Sunday, July 5, 2009

Follow up to "Yet another definition of Leadership"

It certainly is critical for a leader to be able to recognize the skills, talents, and abilities of their team members. But that is not enough. What good is it if you, as a leader, can see ability in your people, but you DO nothing about it? You MUST tell those people that you see that talent in them. And, you must find a way to put those people in positions to highlight their talents. This is what Jim Collins, in his book Good to Great, refers to as "having the right people in the right seats on the bus".

Recently, I worked with a client who runs a manufacturing plant. He and his leadership team hired a talented young woman with a particular set of skills that the plant was lacking. The young woman would report directly to the department head who did not have the same skills as the new hire, but who had a different set of complimentary skills. My client thought that the match would be ideal. There was even thought that the new hire would develop into becoming the successor to the department head.

A few months later, my client was disappointed in the performance of the new hire. She was "rubbing people the wrong way" and seemed to have an overall abrupt nature to her. My client had come to the conclusion that she was just not going to be the person to succeed the department head. She just didn't have the people skills, my client said.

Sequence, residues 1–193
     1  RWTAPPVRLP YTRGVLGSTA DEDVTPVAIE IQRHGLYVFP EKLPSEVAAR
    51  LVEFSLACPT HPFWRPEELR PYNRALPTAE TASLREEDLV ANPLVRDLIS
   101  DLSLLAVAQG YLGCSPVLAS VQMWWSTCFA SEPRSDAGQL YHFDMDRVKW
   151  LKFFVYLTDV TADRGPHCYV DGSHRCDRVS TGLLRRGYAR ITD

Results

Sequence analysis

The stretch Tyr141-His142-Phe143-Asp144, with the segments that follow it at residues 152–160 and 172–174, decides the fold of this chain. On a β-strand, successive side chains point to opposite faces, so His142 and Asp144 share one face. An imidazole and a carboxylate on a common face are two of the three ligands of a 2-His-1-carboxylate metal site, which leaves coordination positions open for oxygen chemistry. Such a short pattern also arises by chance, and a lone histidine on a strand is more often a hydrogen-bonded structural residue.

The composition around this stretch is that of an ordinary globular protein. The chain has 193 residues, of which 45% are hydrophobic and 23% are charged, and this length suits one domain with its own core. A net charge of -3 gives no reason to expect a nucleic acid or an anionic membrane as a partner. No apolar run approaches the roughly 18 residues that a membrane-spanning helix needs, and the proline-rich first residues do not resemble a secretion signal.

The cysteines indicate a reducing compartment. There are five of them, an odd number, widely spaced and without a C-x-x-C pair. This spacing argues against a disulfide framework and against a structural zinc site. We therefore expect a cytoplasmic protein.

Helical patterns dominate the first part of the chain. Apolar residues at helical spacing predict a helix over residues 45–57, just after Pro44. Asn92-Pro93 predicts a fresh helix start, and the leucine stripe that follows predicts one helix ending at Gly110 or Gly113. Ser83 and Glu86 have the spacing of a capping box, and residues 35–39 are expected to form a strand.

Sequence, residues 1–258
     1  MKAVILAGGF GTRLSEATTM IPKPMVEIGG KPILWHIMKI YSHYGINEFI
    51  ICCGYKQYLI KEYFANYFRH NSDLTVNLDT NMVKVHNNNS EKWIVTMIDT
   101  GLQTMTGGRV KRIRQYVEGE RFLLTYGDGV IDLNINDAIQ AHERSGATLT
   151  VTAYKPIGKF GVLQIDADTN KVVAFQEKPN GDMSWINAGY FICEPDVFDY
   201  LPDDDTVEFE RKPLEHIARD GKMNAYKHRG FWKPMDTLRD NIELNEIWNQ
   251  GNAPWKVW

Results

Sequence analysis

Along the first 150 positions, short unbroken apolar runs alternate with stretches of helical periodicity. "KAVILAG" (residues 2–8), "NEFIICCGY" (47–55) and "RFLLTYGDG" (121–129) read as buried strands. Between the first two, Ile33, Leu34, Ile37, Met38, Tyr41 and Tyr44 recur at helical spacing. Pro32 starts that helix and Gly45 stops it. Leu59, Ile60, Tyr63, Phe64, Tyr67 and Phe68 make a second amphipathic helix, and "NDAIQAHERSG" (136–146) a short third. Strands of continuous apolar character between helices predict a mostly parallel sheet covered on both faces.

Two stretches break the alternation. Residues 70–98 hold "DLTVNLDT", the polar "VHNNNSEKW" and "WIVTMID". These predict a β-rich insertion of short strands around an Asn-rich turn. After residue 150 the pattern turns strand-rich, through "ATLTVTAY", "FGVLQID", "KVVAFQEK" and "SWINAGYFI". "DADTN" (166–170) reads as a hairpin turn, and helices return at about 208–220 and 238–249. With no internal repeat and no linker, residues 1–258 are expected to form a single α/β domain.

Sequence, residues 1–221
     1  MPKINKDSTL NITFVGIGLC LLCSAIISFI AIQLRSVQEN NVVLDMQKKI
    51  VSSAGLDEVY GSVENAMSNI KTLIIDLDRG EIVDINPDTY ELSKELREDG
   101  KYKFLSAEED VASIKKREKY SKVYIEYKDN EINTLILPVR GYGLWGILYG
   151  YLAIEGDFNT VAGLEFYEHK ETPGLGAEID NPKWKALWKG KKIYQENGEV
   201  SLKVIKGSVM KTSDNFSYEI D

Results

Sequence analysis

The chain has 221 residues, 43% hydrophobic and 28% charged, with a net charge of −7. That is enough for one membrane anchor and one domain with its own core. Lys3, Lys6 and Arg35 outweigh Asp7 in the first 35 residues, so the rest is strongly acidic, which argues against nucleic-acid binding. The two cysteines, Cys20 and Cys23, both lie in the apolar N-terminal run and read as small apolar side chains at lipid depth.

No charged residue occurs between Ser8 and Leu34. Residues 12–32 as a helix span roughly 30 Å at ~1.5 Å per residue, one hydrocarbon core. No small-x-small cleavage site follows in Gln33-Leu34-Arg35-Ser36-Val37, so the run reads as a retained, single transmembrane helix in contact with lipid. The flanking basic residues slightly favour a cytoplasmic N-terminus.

Upon some investigation, including a conversation with the department head, it became clear that the new hire was never put into a position to succeed. She was not given an opportunity to use the skills that the company had hired her for...and she had become frustrated. For one reason or another, the department head required to be involved in all aspects of the new hire's job. If another department had a question that was in the area of expertise of the new hire, she was not allowed to answer it directly. She had to first go to the department head. The new hire was being micromanaged.

This type of management might be appropriate to use with someone who has demonstrated a lack of competency or trustworthiness. But that was not the case with this new hire. She had never been given the chance to prove herself. She was hired, with great excitement, being told that she was going to be a great asset to the company. But after starting, the actions did not match the words.

Consequently, when the department head took a leave of absence, the performance and attitude of the new hire improved dramatically! She finally felt like she was doing what she was hired to do. The positive change was felt throughout the department.

Remember, the talent on your team wants to be "in the game." People are happiest and most productive when they feel that they are contributing. You, as a leader, NEED that contribution...at the highest possible level. If your talented team members don't feel that way in your organization, they will likely find another organization where they will. And they make take others with them.

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